I am a doctoral candidate at UNC-Chapel Hill in the department of sociology. My research agenda centers on how religion both combats and perpetuates inequality across multiple axes of stratification. Specifically, I investigate the overarching question: How and to what extent do religious organizations, rhetoric, and beliefs contribute to racial, socioeconomic, and sexuality-based divisions and inequities? I use a range of research methods, including quantitative analysis, grounded theory, and content analysis. Within this overarching question, my research largely focuses on analyzing religious rhetoric on divisive social issues, religious trends over time, and family formation attitudes and behaviors.
Department of Sociology
University of North Carolina – Chapel Hill
55 Hamilton Hall, CB# 3210
Chapel Hill, NC 27599
I am currently funded by a Dissertation Fellowship from the Louisville Institute for my project “Clergy Voices: How Conflicts over Race and Sexuality in America are Framed from the Pulpit.” Broadly, I am analyzing how clergy address issues of race, homosexuality, and inequality in their weekly religious messages. You can read more about this project here.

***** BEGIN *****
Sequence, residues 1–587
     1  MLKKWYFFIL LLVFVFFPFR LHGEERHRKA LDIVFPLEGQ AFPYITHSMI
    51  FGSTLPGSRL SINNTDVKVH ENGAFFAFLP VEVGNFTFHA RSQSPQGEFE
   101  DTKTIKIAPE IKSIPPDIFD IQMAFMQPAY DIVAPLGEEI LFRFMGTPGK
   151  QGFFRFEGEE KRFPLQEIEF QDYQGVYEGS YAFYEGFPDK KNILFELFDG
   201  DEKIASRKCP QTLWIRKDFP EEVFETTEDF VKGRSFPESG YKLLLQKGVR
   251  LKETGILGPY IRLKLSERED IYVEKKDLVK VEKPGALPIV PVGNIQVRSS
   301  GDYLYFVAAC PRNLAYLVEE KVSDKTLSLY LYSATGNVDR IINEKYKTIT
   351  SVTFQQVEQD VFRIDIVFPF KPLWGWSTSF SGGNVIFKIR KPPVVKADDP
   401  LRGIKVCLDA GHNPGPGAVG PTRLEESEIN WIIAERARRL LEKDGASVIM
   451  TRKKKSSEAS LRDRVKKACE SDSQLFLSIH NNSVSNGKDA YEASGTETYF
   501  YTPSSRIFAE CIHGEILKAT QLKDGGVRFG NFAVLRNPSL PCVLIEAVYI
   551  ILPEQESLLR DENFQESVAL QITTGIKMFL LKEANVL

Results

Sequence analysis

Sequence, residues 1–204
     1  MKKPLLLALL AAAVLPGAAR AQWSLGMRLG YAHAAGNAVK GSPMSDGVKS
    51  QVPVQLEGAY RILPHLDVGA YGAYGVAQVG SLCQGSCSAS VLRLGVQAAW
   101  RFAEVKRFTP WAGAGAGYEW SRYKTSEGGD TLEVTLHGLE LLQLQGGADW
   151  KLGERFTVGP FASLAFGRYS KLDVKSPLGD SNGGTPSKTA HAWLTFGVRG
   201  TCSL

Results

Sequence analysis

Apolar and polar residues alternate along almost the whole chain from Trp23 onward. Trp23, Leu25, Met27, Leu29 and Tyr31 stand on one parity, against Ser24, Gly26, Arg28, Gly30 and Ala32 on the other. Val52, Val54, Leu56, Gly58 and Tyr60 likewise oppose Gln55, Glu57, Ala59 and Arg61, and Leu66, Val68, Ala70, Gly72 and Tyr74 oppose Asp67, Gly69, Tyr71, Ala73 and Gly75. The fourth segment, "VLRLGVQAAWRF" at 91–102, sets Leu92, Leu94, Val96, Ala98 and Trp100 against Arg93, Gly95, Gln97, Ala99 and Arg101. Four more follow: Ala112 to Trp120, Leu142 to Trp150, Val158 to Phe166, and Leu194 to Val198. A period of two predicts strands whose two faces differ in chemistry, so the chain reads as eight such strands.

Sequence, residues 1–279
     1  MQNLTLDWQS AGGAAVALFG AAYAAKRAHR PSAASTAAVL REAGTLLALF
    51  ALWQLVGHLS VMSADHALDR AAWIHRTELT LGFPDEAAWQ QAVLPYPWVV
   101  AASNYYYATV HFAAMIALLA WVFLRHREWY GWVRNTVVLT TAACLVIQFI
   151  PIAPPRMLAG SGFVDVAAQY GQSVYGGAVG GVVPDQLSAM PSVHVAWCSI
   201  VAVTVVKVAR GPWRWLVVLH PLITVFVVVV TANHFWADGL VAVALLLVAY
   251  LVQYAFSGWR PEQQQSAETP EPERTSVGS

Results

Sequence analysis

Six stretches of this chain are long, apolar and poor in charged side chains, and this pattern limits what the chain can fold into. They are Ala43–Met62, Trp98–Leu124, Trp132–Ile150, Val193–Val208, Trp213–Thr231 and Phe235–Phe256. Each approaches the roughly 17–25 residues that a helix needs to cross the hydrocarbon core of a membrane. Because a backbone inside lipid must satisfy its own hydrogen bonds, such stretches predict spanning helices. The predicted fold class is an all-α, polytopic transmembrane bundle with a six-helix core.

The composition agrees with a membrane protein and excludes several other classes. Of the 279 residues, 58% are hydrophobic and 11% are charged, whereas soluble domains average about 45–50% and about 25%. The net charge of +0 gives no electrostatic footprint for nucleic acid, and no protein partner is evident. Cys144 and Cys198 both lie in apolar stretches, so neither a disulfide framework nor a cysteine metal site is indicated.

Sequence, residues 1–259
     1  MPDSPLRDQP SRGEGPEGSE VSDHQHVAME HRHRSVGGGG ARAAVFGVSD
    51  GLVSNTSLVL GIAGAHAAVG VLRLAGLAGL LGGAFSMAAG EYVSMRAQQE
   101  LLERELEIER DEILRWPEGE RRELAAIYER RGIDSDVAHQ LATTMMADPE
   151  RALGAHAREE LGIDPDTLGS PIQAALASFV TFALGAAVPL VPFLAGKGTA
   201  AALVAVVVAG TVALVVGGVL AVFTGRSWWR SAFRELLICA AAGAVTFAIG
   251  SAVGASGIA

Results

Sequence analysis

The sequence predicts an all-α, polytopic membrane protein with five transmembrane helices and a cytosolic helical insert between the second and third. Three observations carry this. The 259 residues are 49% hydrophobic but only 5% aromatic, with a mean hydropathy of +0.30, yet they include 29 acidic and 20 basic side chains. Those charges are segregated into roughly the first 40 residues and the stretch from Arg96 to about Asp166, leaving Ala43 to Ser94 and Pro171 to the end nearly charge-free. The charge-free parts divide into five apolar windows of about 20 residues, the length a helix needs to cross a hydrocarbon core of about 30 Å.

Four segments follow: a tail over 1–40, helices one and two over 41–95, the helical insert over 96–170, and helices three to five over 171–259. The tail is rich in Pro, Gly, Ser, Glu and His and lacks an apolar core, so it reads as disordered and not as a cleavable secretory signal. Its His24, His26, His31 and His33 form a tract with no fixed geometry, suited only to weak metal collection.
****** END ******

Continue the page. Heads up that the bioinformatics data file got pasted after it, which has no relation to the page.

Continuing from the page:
I have also co-authored a book titled Religion in America which offers an analysis of religious trends in the U.S. using a demographic perspective. We pay particular attention to variation across different subgroups within the population, and the book is written to be accessible for an undergraduate course. You can order the book through University of California press here.
I have taught six sections of two courses, Social Stratification and Introduction to Sociology at two universities, UNC-Chapel Hill and Furman University (Greenville, SC). For sample syllabi and teaching resources, please email me at firstname.lastname@example.org.